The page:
And now for the pro-circumcision push-back

Nothing worthwhile comes easy, of course and the religious crowd arguing for the sanctity of religiously motivated circumcision of children won’t go down without a fight. And as was to be expected, instead of using rational arguments and empirical data, strawmen are built, demonization employed, false equivalences created, and unsupported claims thrown around.

There’s Gunda Trepp, for instance, who claims that the reason that a circumcision ban was defeated in San Francisco is:

Because [parents] know that children need a framework, a value system, a religion, and a tradition.

Which might come as a surprise to all the atheist parents out there. How about I raise my child with communist values, in the tradition of Marx, Luxemburg and others, and as a sign that he/she belongs, I have a little hammer and sickle tattooed on his/her shoulder when they’re babies, not big, 2 times 2 centimeters maybe. Wanna bet whether the pro-circumcisioners will loudly defend my right to do so?

Mrs Trepp’s claims that the main motivation for opposing non-medical circumcision of children is anti-semitism are relatively subtly worded, even though she bluntly claims at the end of her piece that no one really cares when children in Germany die due to parental negligence (ignoring the extensive discussion and attacks on social service providers, for instance).

Matthias Matussek, on the other hand, makes no attempt at subtlety (can be googled here). The first sentence establishes the tone:

By now, it’s an embarrassment to almost everyone in Germany that, in the grounds for one of its decisions, a regional court in Cologne almost off-handedly declared circumcision — a religious tradition dating back thousands of years — to be illegal.

Let me count the ways:
1) an argument from popularity,
2) based on a false assertion,
3) loaded language, and
4) an appeal from tradition.

It’s remarkable that there is nothing in this sentence that effectively argues why non-medical circumcision of children should be legal:
1) whether a majority agrees or disagrees with a position makes it (un)popular but does not have any relation to whether it is right or wrong.
2) the argument from popularity becomes even weaker when it goes agains the result of a poll in which almost half of the polled support a ban on non-medical circumcision of children. (source – unfortunately only in German)
3) the court in Cologne didn’t act “almost off-handedly” but discusses the different rights at play in their decision (also in German).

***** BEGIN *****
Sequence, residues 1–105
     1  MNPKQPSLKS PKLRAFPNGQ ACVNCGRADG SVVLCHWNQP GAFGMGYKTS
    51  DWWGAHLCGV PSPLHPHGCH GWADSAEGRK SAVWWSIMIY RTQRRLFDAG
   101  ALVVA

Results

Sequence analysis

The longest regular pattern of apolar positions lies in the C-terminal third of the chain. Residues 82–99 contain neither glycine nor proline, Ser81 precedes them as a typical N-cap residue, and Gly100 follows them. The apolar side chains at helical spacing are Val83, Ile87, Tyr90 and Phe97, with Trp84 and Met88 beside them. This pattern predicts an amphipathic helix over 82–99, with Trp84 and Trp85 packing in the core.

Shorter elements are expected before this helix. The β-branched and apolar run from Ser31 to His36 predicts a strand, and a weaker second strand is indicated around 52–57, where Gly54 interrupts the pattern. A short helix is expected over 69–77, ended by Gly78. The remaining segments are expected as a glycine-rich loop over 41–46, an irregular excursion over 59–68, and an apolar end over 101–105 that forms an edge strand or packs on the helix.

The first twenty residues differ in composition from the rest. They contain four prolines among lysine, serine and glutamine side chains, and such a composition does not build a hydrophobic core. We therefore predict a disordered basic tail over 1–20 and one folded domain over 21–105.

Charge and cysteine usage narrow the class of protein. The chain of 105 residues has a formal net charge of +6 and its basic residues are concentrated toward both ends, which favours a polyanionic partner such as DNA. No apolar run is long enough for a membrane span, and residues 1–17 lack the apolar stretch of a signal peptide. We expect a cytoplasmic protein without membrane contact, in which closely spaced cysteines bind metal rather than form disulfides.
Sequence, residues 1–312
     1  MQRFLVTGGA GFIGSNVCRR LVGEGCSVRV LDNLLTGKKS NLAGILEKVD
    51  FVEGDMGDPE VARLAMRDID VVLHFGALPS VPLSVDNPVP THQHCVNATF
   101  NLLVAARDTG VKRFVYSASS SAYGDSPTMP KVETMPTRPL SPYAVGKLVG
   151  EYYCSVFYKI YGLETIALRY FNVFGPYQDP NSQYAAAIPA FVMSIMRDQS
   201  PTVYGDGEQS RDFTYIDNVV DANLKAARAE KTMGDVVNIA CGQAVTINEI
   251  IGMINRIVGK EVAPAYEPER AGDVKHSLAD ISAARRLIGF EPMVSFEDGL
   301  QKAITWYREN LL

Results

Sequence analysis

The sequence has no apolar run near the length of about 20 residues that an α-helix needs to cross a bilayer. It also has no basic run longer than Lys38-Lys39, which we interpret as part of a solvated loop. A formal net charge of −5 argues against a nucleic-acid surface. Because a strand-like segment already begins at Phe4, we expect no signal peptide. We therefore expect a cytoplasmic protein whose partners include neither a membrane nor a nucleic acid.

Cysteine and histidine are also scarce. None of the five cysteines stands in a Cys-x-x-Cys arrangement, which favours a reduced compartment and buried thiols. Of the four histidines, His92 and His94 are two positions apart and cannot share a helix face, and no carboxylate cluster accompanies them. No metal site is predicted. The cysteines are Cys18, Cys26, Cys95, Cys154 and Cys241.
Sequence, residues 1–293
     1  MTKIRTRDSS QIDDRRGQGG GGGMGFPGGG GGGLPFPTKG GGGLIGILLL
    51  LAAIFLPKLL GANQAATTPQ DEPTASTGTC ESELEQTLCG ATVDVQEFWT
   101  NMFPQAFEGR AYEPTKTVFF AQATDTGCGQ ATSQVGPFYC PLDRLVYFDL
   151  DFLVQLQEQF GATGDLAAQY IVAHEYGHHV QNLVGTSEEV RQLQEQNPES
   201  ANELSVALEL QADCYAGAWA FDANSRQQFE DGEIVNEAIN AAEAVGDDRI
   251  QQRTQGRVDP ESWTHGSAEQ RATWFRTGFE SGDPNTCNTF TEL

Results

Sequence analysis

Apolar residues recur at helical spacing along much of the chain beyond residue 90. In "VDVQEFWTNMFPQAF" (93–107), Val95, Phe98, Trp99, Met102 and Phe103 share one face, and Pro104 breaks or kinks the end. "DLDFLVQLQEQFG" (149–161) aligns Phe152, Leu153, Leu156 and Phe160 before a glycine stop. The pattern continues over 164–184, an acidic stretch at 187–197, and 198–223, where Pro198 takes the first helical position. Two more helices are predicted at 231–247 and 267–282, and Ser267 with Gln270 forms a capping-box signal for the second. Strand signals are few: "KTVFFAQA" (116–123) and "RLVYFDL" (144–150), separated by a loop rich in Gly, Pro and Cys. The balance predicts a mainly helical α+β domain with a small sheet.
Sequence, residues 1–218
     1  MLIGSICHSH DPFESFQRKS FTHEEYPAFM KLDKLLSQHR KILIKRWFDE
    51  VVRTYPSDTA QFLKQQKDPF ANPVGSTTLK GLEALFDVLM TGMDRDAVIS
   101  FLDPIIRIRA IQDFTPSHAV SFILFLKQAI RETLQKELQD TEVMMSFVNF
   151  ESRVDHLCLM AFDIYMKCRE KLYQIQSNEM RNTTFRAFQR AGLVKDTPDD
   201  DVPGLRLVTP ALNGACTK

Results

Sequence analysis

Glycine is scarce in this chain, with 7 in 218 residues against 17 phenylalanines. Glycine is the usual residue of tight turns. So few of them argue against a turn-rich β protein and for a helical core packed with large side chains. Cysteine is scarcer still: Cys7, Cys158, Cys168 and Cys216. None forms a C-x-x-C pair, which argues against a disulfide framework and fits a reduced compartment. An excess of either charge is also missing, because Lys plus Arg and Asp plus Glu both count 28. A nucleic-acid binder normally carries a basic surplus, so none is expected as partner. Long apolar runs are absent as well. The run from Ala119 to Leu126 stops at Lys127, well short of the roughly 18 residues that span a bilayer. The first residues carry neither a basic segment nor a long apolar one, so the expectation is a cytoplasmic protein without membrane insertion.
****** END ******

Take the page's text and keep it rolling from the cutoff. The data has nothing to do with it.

4) and finally it doesn’t matter how long something has been practiced. Beating one’s children was common practice for centuries yet nowadays we recognize that it is not covered by the right of parents to educate their children.

Matussek doesn’t let up though and pulls out the vaccination strawman:

A procedure that is hardly more painful than a vaccination — something for which parents also don’t consult their child in advance…

Dr Stehr’s editorial lays out why this is a strawman but it bears repeating: vaccination has empirically proven medical benefits and low risk, circumcision has no medical benefits, may cause long-term harm, and has non-negligible risk. When it comes to medical interventions, a risk-benefit analysis has to be made and if something has no benefits, then it better have no risks either.

I am not going to point out every argument from popularity or discuss in detail how this is one more religious mind that can’t conceive of non-religiously motivated morality, wonder, or love (or the arguments from authority that are so important to religion).

But just in case the reader hasn’t fallen prey to all these irrelevant arguments yet, he’s saved his most powerful false equivalence for the end. Softening the reader with another assertion about the lacking morality of the secular mind:

We have eliminated almost all taboos in our society, and we tout this as a sign of great progress.

he finishes with:

But we need taboos. Child pornography is one of them, and denying the Holocaust is another. Both are punishable offences.

What if we rejected blasphemy — that is, the foolish disparagement of God and faith — out of inner conviction and respect for others?

Banning non-medical circumcision of children, child pornography, denying the holocaust are apparently equivalent in Matthias Matussek’s world.

Now, what I find truly fascinating in all this is that the pro-circumcision people had a rational argument in the beginning: that not being circumcised would lead to social harm for those boys in their religiously influenced communities. This is not necessarily a strong argument but on the basis of it (and others like it), a rational discussion could have been had. But this line of arguing has been abandoned by now and I wonder why.
My less-cynical interpretation is that they realized that this would not be a winner.
The cynic in me wonders, however, whether the discussion about non-medical circumcision of children in Germany is to be made into a precedent. Matussek tries to make this argument: that this is not about non-medical circumcision but that more generally religious practices should be exempt from investigation by the secular state, that while everything else can be criticized, religion is beyond rational questioning.

I reaction to which I can only quote Greta Christina: Why should religion, alone among all other kinds of ideas, be free from attempts to persuade people out of it?

This entry was posted in belief systems, developed countries, health care, health care policy, religion, science-based policy, secularism. Bookmark the permalink.

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